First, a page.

Buses and trucks are flying the other way, usually half in our lane, forcing my pick-up to ride the edge of the road, inches from death, while barreling down the highway; pushed to unsafe speeds by the crazy drivers behind me, that will risk their lives and pass you on a double yellow, just to save a couple of minutes in time. It was like something out of Mr. Toad’s Wild Ride. The city of Limon is the largest port of entry into Costa Rica, and just about every single item that we purchase and use, is brought there by ship on a container. They load these metal monsters on the back of 18 wheelers who then have to navigate this one crazy road to get to the city. Like most truck drivers, they get paid when they deliver, so time is of the essence, and the cars coming the other way have very little value, in their minds. Trust me when I tell you, this is not a road you want to commute on every single day. Having lived in Southern California for a decade, and drove some of the busiest freeways on the earth, I thought I was a pro, but nothing prepared me for this puppy.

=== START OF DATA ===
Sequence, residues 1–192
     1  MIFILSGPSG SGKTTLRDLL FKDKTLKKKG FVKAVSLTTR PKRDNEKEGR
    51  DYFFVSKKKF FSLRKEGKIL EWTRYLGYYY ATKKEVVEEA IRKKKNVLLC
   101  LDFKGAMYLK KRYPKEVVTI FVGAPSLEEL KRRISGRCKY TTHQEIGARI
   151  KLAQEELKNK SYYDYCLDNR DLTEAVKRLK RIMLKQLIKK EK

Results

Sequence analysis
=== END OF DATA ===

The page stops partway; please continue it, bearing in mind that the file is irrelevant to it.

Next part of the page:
Finally, we dropped down out of the mountains, and hit the plains of the Caribbean side of Costa Rica; this is not like the other side. It is flat, and hot, and you cannot see anything but banana plantations as far as your eyes can view. Dole and Chiquita have been exporting bananas from this region since the 1870’s as the perfect growing conditions exist on this side of the country. They need heat and humidity, and let me tell you, the Caribbean side of Costa Rica has lots of both. It is basically one giant rain forest, and we were pretty excited to check it out, but very thankful for Air Conditioning. A couple banana facts; if all the bananas grown in the world were placed end-to-end, the banana chain would circle the Earth 1,400 times. The world’s record for the longest banana split is 4.55 miles; Cool. Wanna Banana young lady?